Norway to take 420bn kroner from oil fund as jobs vanish

Norway to take 420bn kroner from oil fund as jobs vanish
The offices of the Norwegian Labour and Welfare Administration in Hamar. Photo: Thomas Andersen/Wikimedia Commons
Norway's government has announced plans to draw down a record 420bn (€38bn) kroner from its oil fund as coronavirus and the oil price crash have pushed unemployment to the highest rate in 75 years.
In a press release issued ahead of the publication of the revised government budget at 10.45am, Norway's government said that the events of the past three months had transformed the short-term outlook for the country's economy. 
 
“The virus outbreak has hit the Norwegian and the international economy. The outlook for the Norwegian economy is considerably weakened,” the press release read. 
 
“Because so many have been laid off, Norway now has the highest registered unemployment rate in 75 years.” 
 
The 420bn kroner corresponds to  4.2 percent of the fund's total capital at the start of the year. 
 
Under Norway's rules for managing the fund, all governments are committed to ensure that the use of the fund does not exceed an average of 3 percent of its total capital annually.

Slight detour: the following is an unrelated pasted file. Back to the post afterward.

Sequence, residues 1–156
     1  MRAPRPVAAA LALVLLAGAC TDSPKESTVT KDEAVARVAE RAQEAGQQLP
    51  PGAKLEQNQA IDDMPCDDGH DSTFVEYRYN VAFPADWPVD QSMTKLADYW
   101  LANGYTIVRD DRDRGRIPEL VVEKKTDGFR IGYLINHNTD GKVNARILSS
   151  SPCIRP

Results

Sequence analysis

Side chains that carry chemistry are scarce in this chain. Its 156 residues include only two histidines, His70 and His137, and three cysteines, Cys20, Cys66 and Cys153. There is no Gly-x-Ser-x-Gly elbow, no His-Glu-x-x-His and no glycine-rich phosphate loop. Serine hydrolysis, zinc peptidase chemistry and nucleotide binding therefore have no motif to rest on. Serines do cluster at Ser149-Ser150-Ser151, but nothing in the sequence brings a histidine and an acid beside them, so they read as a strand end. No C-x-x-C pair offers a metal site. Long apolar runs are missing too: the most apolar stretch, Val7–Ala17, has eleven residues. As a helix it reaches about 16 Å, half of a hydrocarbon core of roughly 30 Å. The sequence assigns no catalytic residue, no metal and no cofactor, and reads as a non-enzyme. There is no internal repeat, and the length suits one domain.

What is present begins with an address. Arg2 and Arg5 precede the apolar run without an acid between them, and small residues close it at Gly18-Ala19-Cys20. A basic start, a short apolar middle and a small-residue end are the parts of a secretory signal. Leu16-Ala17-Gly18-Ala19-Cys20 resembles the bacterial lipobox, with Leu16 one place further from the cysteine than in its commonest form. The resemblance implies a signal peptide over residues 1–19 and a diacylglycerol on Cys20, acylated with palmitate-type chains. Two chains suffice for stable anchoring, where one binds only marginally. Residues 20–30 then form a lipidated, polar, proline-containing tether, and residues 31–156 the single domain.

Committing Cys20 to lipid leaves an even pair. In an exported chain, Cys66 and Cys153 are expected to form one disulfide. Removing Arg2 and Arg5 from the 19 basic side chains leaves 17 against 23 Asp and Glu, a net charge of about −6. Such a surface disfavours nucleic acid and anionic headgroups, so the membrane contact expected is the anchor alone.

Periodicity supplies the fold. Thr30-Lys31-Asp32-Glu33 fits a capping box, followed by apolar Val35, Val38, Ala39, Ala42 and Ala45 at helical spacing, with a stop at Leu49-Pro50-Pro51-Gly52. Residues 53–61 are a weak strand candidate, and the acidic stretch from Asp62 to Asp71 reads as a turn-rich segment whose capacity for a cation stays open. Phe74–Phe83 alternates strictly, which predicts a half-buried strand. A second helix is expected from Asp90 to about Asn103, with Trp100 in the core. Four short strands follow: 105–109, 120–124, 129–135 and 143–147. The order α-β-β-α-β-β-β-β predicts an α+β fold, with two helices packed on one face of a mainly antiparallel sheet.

“It's a big bill, we are spending a lot of money, and we should be aware that if we spend more money now, it means we can spend less in the years to come,” Norway's finance minister Jan Tore Sanner told state broadcaster NRK on Tuesday morning. 
 
“However, the alternative would have been even more bankruptcies, even more unemployed people and even bigger setbacks for the Norwegian economy.” 
 
 
In the statement, the government said that the unemployment rate in Norway was projected to rise from 2.2 per cent in 2019 to 5.9 per cent this year.
 
According to the E24 website, 246,000 people are currently fully unemployed, or 8.8 per cent of the workforce. If the partially unemployed are added, the tally rises to 408,400 people, or 14.6 percent of the workforce. 
 
 
The government said it now expected GDP to fall by 4.0 per cent this year. 

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